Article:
This musically-infused fairy tale is directed by Kirsten Sheridan, writer of the poignant In America.
The emotions are obvious in a reimagined Oliver Twist way, in August Rush, that may have trouble reaching an audience as music and romance aren't firmly grounded in reality. One has to let go into this heavy-handed, rather handsome magic realism.
Still, there is an effort to instill the importance of creativity within mores, humor, and sentiment through the protagonist Evan Taylor (Freddie Highmore of Charlie and the Chocolate Factory).
Evan fits in as a Dickensian young hero trying to make it in the Big Apple after leaving a boys' home. He befriends one of group of street kids used by a cowboy named Wizard (think Fagin) hammed up by Robin Williams in an underwhelming part. Wizard is earlier heard playing "Moon Dance" on the harmonica below Washington Square.
It turns out Evan is a musical prodigy brought on by his appreciation for what's around him, and the untaught boy is smooth to say the least in banging the guitar. Wizard provides him with the eponymous title, eyeing him for monetary gain.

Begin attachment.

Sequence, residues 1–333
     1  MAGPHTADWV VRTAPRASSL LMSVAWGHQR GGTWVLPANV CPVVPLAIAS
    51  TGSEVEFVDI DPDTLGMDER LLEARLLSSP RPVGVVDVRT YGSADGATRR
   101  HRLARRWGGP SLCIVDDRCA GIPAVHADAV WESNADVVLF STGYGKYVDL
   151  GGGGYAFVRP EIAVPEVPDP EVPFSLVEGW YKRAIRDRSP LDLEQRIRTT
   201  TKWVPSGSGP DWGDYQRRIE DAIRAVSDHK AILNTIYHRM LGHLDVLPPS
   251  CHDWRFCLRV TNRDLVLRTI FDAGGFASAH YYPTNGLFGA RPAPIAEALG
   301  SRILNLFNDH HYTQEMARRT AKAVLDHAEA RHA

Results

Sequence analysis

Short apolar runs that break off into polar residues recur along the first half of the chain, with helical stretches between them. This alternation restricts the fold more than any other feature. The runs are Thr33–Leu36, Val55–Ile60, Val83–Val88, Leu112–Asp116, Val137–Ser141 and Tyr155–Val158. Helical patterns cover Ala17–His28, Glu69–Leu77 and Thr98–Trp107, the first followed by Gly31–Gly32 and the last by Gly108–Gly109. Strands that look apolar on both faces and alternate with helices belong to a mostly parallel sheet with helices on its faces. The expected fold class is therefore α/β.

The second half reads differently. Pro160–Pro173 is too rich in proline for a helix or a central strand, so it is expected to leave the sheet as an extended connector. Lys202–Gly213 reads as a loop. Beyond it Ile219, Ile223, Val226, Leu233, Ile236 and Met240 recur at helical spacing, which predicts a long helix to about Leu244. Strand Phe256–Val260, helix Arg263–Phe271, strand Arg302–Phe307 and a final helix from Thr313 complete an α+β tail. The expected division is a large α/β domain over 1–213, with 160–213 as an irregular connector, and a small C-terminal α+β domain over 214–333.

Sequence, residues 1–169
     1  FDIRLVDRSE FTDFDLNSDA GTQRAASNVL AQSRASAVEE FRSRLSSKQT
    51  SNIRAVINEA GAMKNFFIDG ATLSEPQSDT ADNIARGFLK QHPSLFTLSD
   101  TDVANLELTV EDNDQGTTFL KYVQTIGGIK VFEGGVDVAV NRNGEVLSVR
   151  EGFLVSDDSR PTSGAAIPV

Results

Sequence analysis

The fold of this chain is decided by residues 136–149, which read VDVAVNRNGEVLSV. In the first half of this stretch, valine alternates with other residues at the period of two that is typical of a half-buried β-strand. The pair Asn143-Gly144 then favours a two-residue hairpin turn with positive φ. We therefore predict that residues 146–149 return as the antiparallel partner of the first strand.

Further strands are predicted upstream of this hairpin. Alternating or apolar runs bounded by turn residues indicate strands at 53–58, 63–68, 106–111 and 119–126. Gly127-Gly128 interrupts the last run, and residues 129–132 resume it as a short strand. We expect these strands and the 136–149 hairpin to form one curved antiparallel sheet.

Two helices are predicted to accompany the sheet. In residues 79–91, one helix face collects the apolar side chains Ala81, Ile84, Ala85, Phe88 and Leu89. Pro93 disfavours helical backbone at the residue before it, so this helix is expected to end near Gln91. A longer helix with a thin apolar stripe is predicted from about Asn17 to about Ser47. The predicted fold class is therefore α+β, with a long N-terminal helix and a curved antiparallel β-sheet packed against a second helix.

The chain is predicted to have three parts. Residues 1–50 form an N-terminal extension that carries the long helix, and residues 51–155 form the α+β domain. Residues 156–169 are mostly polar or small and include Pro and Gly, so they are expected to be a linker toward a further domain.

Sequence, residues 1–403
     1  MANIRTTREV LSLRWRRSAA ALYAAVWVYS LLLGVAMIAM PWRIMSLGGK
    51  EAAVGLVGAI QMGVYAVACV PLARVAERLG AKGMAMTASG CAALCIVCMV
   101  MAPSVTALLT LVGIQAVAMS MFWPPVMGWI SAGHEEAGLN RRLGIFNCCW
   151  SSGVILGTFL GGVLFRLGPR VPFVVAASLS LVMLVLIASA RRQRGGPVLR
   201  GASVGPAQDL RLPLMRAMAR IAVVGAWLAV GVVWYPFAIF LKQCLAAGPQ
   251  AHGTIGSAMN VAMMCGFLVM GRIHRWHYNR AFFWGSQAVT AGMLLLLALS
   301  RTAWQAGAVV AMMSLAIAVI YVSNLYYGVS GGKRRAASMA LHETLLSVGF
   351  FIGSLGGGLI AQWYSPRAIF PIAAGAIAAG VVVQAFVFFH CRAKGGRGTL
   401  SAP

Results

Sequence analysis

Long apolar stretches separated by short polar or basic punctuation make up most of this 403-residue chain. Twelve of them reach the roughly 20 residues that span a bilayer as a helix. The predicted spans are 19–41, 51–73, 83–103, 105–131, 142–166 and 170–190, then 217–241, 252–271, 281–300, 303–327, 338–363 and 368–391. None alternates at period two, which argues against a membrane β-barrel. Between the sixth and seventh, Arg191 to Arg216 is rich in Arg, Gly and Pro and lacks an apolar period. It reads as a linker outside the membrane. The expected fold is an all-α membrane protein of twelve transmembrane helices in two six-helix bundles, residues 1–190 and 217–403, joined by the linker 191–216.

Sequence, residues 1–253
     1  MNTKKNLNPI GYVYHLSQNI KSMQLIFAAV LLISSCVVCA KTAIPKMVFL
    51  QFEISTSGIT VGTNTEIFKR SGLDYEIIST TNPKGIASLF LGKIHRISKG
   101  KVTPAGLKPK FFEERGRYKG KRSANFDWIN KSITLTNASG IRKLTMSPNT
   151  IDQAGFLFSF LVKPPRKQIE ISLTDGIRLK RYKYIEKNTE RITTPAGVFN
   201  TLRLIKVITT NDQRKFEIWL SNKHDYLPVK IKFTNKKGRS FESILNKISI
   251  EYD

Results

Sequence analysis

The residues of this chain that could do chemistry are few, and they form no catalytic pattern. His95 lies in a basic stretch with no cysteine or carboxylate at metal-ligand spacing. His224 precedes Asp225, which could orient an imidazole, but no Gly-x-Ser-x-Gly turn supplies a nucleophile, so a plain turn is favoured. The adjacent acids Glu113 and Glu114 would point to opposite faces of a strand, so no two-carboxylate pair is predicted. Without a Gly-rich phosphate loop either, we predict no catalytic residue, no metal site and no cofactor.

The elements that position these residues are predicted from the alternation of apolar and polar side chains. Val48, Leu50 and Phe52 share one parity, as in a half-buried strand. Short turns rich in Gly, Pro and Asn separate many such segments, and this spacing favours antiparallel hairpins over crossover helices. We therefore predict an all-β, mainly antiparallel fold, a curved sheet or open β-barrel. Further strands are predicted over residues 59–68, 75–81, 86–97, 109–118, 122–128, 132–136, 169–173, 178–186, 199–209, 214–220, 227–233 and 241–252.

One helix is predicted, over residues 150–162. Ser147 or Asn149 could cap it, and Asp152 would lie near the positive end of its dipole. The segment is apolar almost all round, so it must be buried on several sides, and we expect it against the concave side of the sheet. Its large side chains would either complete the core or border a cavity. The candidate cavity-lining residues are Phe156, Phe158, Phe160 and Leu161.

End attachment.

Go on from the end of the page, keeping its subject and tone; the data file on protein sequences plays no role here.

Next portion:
The narrative, concocted by Nick Castle and James V. Hart gets one into the milieu of the parents August/Evan is determined to locate. Through flashback some dozen years ago an seraphic classical cellist Lyla Novacek (Keri Russell of Waitress) and a spike-coiffed Irish rocker Louis Connelly (Jonathan Rhys-Meyers of Match Point) become close on a New York rooftop (palatable with the film's rating). Lyla's career-oriented dad (William Sadler) ends up putting up the newborn for adoption after explaining that she lost it during birth. Eventually, their lives outside of their calling prove to be unfulfilled, as Louis and Lyla end up on a course to "follow the music".
Those not willing to give in to the way this fable aims to please in a sweet, if cliched manner may have difficulty swallowing how all are affected by a charismatic child busker. The high point occurs during the "August Rhapsody" concert at Central Park. Highmore earns some appeal with this understated, larger role and Russell is mostly in a trance in trying to internalize Lyla's special method of listening. And, she doesn't have much "chemistry" with a miscast Rhys-Meyers, who, nevertheless, has a sonorous interlude with Highmore. And, Terrence Howard (The Brave One) does what he can as a social worker who wants Evan in family placement.
August Rush could have gone the animation route, but the live-action is of a less corny, hokey quality on the production end thanks to some luminous lensing by John Mathieson and flavorful scoring by Mark Mancina. In this latest summoning of the Artful Dodger, the originality comes from the range of natural sounds that accompany the mostly corny melodrama. Most notably, those from everyday life (wind chimes, basketball nets) that captivate and cover a young boy seen in the fields more than this desirous, but unfulfilled flight of fantasy and reality.